Solar 101 Basics

Solar energy is radiant energy from the sun. More solar energy falls on the earth from the sun in one hour than the world uses in one year!

Turning that energy into useful energy is the challenge. Several technologies have been researched, tested and are in use today with more coming in the future.

Solar Washington Webinar Presentation-An Introduction to Solar

Slide-reduced.jpgIn addition to reviewing the information below, be sure to check out our webinar An Introduction to Solar (April 2020) presented by Solar Washington Board member Jay Larson in April 2020. In this video Jay describes how solar works, its various applications, general costs, sample installations and more. 

Click to access the webinar recording. (Free to view, but registration required.)

Various applications of solar

passive-solar.jpgPassive Solar – Depending on the location, a home or building can be positioned to best utilize the direct sunlight as heat in winter and to keep heat out in summer. Green building designs make the most of this low-tech solution.

Photo courtesy of South Sound Solar


solar-pv-photovoltaic.jpgSolar Photovoltaic (PV) - When the sun shines onto a solar panel, photons from the sunlight are absorbed by the cells in the panel, which creates an electric field across the layers and causes electricity to flow. Solar PV was first used in outer space where burning fuel is prohibited because of the lack of oxygen. NASA’s research into PV led the way to today’s rooftop solar revolution. Solar PV creates direct current (DC) electricity that is converted to AC, by a power inverter, before it is connected to the grid. Solar panels are composed of cells made usually of silicon. Solar panels are wired together into a solar array of varying sizes. When added to existing rooftops, solar arrays have minimal impact on the natural environment.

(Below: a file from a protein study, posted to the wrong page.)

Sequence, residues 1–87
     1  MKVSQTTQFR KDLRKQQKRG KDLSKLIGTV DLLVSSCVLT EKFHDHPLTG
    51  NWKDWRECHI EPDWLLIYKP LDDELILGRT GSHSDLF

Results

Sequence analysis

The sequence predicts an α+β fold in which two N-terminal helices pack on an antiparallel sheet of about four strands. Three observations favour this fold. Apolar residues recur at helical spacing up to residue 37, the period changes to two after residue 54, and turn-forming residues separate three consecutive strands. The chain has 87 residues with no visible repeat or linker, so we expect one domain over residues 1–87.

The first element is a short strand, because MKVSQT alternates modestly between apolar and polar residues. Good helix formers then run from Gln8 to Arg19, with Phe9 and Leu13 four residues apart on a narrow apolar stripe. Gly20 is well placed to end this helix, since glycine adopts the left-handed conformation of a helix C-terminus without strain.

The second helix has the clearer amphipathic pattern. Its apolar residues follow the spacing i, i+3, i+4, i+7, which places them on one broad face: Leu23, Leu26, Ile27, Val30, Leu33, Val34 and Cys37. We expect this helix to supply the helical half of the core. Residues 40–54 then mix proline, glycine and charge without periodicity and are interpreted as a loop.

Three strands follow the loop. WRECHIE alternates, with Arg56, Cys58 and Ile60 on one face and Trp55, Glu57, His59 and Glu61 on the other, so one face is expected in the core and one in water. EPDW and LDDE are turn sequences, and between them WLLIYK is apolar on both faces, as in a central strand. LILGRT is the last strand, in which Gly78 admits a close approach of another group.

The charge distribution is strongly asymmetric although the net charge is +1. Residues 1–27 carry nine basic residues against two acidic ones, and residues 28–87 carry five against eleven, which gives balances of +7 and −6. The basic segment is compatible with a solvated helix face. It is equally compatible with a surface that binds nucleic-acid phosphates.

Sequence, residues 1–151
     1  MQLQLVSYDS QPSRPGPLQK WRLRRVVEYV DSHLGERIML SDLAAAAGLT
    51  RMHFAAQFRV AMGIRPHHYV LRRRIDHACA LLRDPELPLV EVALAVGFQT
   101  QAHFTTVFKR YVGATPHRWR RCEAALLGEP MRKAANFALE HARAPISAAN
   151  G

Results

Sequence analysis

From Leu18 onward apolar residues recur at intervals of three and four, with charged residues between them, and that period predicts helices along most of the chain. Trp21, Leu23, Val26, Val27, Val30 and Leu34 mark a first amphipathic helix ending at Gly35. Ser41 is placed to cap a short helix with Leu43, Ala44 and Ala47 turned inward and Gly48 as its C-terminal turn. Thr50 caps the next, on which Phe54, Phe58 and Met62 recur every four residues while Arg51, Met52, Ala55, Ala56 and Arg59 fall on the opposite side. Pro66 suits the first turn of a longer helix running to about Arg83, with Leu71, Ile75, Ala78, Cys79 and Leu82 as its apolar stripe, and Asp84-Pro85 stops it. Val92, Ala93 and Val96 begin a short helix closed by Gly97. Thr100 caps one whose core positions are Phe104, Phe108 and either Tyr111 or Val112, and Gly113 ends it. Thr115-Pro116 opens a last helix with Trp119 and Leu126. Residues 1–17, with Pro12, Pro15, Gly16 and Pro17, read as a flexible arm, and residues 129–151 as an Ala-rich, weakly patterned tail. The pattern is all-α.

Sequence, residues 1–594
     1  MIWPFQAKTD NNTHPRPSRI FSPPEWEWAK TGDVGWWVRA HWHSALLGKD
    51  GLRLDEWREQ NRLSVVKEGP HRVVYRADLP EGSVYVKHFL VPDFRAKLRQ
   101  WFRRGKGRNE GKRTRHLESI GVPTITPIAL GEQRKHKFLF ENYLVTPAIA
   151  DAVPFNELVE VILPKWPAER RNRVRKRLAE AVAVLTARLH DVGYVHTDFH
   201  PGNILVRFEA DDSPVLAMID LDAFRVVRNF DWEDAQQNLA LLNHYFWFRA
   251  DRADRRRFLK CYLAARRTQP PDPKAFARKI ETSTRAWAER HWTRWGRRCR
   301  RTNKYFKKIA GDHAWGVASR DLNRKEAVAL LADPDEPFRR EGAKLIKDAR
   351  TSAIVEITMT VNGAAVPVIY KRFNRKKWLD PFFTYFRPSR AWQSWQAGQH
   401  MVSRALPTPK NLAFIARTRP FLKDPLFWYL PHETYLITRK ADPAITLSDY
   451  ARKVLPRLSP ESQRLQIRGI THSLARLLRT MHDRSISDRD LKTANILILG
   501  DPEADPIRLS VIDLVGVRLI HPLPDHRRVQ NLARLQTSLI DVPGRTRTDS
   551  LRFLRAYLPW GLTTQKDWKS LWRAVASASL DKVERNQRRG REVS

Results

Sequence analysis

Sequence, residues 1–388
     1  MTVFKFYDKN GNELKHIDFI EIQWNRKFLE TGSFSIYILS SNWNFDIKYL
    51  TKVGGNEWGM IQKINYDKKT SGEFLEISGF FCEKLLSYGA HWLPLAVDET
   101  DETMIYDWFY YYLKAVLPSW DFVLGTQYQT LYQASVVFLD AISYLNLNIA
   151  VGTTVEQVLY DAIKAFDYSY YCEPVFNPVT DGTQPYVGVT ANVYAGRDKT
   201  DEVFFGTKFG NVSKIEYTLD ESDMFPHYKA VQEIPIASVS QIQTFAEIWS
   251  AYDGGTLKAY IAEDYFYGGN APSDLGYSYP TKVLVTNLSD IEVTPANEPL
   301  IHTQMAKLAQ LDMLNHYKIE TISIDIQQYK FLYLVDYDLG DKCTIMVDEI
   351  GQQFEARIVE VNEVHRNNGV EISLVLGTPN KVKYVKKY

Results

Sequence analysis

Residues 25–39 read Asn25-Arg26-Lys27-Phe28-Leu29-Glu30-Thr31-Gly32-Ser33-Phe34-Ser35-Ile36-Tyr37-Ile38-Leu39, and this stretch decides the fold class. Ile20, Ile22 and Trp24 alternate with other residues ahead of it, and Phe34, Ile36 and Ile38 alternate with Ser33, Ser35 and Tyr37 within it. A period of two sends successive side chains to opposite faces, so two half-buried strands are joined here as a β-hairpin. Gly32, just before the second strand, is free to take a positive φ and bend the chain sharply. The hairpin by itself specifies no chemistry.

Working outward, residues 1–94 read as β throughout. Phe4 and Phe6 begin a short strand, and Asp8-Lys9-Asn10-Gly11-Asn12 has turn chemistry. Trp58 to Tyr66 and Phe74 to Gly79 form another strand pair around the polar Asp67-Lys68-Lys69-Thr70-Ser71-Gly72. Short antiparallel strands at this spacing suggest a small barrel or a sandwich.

Photo courtesy of Fire Mountain Solar

solar_pool_heater.gifSolar Thermal - As you know from feeling the sun’s rays on your skin, solar energy also generates heat. The sun’s rays can be used to heat water either directly or to heat a liquid that then transfers the heat to water to deliver hot water to a home or other use. This technology is often used to heat swimming pools.

Either solar PV or solar thermal technologies can be used on a small scale to power a residence or small business, or on a massive scale as a solar power plant.

Solar Thermal & Concentrating Solar Photos: U.S. Department of Energy

concentrating_solar.pngConcentrating Solar Power (CSP) - This technology uses mirrors to reflect and concentrate sunlight onto receivers that collect solar energy as heat which is used to heat a fluid to high temperatures. The fluid transfers heat to produce steam that powers turbines transferring heat energy into mechanical energy. Turning of the turbines generates electricity. The fluid used in CSP can be an oil, molten salt, molten sand or other material that stays in a closed loop. These power plants continue to produce electricity at night because they have so much stored concentrated heat energy. Each mirror has a motor controlled by a computer to angle the reflective surface toward the sun tracking it across the sky. The computer software and/or the motors operating in the desert can have operational difficulties. There are several CSP power plants in California and Nevada deserts. They take up an enormous amount of land space and, like any power plant, generate a lot of electricity. Several different designs exist including dishes, troughs and towers.

large-solar-pv-tacoma-washington.jpgLarge Scale Solar PV – Power plants made up of very large solar arrays generate electricity to power individual buildings, communities or micro-grids. When paired with a storage mechanism, then the power can be used day or night. Storage of electricity made by Solar PV is a field where significant research is being conducted today.

Emerging Solar Technologies

Research is rapidly advancing to find new ways to utilize the sun’s energy to make electricity, including:

Additional Resources

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(From Popular Mechanics magazine; July 6, 2019). How Solar Panels Work (And Why They're Taking Over the World). Link to article

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